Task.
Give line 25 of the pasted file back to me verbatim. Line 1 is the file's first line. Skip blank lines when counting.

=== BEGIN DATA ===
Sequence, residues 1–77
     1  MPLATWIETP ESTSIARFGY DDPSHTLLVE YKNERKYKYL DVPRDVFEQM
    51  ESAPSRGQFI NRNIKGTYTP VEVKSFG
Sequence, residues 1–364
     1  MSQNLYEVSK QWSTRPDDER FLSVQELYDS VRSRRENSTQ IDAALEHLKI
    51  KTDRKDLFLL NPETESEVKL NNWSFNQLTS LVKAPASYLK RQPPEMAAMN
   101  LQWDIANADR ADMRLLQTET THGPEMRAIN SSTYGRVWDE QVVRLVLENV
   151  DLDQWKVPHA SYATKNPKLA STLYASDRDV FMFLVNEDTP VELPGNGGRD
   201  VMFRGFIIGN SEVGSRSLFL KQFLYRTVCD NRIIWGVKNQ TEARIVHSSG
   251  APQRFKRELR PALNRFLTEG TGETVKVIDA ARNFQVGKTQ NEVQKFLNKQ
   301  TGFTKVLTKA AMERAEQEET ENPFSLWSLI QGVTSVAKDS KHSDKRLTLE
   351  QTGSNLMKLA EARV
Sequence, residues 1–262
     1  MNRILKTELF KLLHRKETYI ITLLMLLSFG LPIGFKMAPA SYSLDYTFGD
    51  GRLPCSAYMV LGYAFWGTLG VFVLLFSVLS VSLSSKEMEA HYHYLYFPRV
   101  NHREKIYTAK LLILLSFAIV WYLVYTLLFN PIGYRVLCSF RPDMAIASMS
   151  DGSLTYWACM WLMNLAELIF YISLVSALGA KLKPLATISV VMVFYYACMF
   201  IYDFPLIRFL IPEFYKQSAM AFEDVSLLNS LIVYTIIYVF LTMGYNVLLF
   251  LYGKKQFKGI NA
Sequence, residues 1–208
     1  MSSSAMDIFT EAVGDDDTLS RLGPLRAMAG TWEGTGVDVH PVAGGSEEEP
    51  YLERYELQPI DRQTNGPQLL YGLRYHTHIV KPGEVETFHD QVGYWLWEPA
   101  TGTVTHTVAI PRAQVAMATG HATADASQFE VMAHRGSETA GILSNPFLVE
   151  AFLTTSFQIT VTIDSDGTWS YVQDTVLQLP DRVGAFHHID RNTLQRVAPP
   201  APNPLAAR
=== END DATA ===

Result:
   201  APNPLAAR